My research seeks new understanding of the diversity of structure and function in living and fossil organisms by integrating formal (morphogenetic) historical (phylogenetic) and functional (adaptive) explanations. Theoretical, constructional, evolutionary, and develop-mental morphology provide the conceptual and practical tools that I use to analyze structure and function. Molluscs are the primary subject organisms for defining principles of structure. I have developed new model systems: the gastropod radula, suspension feeding devices, and the gastropod larval shell, as well as novel tools that include design spaces, ecospaces, ethospaces, and developmental spaces in which phylogenetic trajectories illustrate macroevolutionary trends and patterns.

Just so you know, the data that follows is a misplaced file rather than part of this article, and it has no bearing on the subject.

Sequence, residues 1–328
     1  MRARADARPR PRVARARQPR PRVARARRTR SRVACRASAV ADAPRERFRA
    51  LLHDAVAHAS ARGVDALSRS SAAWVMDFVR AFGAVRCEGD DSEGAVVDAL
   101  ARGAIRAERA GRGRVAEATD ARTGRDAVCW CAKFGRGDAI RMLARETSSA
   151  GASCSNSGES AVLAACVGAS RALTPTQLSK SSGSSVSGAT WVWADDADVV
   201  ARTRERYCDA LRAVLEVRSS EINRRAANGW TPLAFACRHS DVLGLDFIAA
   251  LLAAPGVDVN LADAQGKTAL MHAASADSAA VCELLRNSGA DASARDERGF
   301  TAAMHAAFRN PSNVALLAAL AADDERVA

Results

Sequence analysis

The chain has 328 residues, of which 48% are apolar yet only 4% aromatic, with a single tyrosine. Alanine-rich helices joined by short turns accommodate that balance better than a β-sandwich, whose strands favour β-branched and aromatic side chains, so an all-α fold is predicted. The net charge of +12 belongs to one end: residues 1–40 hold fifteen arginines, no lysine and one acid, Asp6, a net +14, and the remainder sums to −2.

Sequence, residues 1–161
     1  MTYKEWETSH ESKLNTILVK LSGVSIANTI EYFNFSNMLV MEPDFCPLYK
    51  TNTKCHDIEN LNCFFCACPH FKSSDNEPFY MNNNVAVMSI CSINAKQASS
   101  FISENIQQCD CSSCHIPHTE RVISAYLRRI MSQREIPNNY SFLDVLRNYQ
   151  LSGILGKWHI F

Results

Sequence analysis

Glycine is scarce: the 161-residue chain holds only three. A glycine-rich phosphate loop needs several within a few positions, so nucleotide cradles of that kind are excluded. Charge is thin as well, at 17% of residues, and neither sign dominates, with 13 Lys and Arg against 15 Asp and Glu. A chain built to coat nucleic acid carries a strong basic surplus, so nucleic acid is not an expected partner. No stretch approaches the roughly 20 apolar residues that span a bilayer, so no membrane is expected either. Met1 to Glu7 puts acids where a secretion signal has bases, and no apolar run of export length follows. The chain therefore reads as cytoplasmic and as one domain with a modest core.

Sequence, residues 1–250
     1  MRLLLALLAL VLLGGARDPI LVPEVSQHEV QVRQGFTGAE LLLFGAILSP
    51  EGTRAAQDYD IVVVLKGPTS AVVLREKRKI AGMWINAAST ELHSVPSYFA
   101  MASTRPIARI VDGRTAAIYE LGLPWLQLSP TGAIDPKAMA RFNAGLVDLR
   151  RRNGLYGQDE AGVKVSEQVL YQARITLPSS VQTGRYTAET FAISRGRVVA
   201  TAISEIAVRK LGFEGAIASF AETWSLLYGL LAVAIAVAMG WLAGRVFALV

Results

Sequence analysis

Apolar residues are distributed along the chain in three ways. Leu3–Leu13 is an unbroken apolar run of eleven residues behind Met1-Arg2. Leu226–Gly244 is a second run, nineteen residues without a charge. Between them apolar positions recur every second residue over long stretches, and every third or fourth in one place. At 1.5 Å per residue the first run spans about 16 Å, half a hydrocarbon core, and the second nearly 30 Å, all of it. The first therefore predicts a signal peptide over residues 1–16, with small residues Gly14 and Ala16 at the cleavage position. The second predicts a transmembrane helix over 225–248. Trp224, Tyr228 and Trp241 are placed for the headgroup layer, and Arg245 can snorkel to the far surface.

As paleobiologist and geologist, I am investigating the taphonomic assembly and patterning of shell beds in the fossil record and the responses of community architecture to global climate change during the Cenozoic Era. Recently completed projects include an astrobiological theory of the role of microbial-metazoan interactions in extreme environments, an analysis of the "problem of similarity," and an analysis of changes in shell biomineralization at metamorphosis that are reflected in funeous composite bioinorganic materials. Students in my laboratory develop their own research questions and systems. We share a common passion for evolutionary history and structure that includes the use of molecular tools.